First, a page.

Abu Hureyra, it turns out, has another story to tell. Found among the cereals and grains and splashed on early building material and animal bones was meltglass, some features of which suggest it was formed at extremely high temperatures—far higher than what humans could achieve at the time—or that could be attributed to fire, lighting or volcanism.
"To help with perspective, such high temperatures would completely melt an automobile in less than a minute," said James Kennett, a UC Santa Barbara emeritus professor of geology. Such intensity, he added, could only have resulted from an extremely violent, high-energy, high-velocity phenomenon, something on the order of a cosmic impact.
Based on materials collected before the site was flooded, Kennett and his colleagues contend Abu Hureyra is the first site to document the direct effects of a fragmented comet on a human settlement. These fragments are all part of the same comet that likely slammed into Earth and exploded in the atmosphere at the end of the Pleistocene epoch, according to Kennett. This impact contributed to the extinction of most large animals, including mammoths, and American horses and camels; the disappearance of the North American Clovis culture; and to the abrupt onset of the end-glacial Younger Dryas cooling episode.
The team's findings are highlighted in a paper published in the Nature journal Scientific Reports.
"Our new discoveries represent much more powerful evidence for very high temperatures that could only be associated with a cosmic impact," said Kennett, who with his colleagues first reported evidence of such an event in the region in 2012.
Abu Hureyra lies at the easternmost sector of what is known as the Younger Dryas Boundary (YDB) strewnfield, which encompasses about 30 other sites in the Americas, Europe and parts of the Middle East. These sites hold evidence of massive burning, including a widespread carbon-rich "black mat" layer that contains millions of nanodiamonds, high concentrations of platinum and tiny metallic spherules formed at very high temperatures. The YDB impact hypothesis has gained more traction in recent years because of many new discoveries, including a very young impact crater beneath the Hiawatha Glacier of the Greenland ice sheet, and high-temperature meltglass and other similar evidence at an archaeological site in Pilauco, located in southern Chile.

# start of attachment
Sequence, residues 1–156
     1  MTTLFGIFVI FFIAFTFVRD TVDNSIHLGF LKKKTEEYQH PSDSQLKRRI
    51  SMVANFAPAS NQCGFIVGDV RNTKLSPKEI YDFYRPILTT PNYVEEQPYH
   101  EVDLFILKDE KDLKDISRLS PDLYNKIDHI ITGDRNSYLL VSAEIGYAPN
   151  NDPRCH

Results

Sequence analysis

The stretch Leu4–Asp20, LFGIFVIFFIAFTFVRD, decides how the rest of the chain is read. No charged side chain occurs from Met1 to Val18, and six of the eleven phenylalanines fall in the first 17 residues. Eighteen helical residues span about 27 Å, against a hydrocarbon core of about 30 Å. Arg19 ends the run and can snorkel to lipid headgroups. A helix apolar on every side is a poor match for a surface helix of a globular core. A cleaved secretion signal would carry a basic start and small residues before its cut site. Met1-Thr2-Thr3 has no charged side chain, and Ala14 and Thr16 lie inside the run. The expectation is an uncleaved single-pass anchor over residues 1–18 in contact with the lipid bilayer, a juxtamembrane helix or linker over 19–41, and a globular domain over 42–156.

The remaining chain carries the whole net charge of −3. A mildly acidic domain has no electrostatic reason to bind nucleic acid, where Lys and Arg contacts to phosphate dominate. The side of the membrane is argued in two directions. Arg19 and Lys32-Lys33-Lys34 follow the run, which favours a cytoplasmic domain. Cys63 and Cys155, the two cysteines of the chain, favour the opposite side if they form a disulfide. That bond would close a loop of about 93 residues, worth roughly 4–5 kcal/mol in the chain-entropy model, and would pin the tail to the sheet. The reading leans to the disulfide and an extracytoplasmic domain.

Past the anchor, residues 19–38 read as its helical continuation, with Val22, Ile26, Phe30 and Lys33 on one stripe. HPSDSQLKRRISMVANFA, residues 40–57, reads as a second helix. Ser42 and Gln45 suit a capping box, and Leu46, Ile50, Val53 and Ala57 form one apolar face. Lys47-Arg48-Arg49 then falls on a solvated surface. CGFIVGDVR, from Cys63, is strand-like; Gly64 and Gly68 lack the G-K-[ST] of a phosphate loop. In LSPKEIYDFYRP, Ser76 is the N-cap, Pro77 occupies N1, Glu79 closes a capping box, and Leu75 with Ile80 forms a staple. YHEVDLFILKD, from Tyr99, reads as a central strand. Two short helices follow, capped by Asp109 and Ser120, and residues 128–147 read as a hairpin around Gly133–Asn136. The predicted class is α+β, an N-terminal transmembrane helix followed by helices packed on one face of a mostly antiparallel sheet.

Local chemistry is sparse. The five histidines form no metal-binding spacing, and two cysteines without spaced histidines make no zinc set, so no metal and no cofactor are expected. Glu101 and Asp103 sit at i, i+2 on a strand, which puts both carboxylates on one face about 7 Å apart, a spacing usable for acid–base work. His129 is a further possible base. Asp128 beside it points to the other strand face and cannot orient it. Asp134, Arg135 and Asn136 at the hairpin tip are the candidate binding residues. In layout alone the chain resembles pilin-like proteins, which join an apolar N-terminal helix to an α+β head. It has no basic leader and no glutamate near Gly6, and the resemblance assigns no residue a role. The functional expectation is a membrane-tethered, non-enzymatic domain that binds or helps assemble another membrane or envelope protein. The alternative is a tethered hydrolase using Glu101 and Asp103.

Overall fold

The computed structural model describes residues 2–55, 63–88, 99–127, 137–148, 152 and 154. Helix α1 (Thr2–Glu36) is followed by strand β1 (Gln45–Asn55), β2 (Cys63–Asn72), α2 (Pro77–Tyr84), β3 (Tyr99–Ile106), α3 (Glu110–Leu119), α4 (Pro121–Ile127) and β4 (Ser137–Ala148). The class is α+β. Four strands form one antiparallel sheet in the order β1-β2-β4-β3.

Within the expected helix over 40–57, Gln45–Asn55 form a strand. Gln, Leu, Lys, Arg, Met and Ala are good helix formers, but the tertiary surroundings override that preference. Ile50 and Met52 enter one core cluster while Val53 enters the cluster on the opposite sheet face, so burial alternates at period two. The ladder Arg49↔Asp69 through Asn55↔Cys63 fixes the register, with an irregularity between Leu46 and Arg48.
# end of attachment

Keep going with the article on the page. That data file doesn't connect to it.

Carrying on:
"The Abu Hureyra village would have been abruptly destroyed," Kennett said. Unlike the evidence from Pilauco, which was limited to human butchering of large animals up to but not younger than the YDB impact burn layer, Abu Hureyra shows direct evidence of the disaster on this early human settlement. An impact or an airburst must have occurred sufficiently close to send massive heat and molten glass over the entire early village, Kennett noted.
The glass was analyzed for geochemical composition, shape, structure, formation temperature, magnetic characteristics and water content. Results from the analysis showed that it formed at very high temperatures and included minerals rich in chromium, iron, nickel, sulfides, titanium and even platinum- and iridium-rich melted iron—all of which formed in temperatures higher than 2200 degrees Celsius.
"The critical materials are extremely rare under normal temperatures, but are commonly found during impact events," Kennett said. According to the study, the meltglass was formed "from the nearly instantaneous melting and vaporization of regional biomass, soils and floodplain deposits, followed by instantaneous cooling." Additionally, because the materials found are consistent with those found in the YDB layers at the other sites across the world, it's likely that they resulted from a fragmented comet, as opposed to impacts caused by individual comets or asteroids.
"A single major asteroid impact would not have caused such widely scattered materials like those discovered at Abu Hureyra," Kennett said. "The largest cometary debris clusters are proposed to be capable of causing thousands of airbursts within a span of minutes across one entire hemisphere of Earth. The YDB hypothesis proposed this mechanism to account for the widely dispersed coeval materials across more than 14,000 kilometers of the Northern and Southern Hemispheres. Our Abu Hureyra discoveries strongly support a major impact event from such a fragmented comet."




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Geologic evidence supports theory that major cosmic impact event occurred approximately 12,800 years ago



[b]More information:[/b] Andrew M. T. Moore et al. Evidence of Cosmic Impact at Abu Hureyra, Syria at the Younger Dryas Onset (~12.8 ka): High-temperature melting at >2200 °C, Scientific Reports (2020). DOI: 10.1038/s41598-020-60867-w
[b]Journal information:[/b] Scientific Reports [/url]

Provided by [url=https://phys.org/partners/university-of-california---santa-barbara/]University of California - Santa Barbara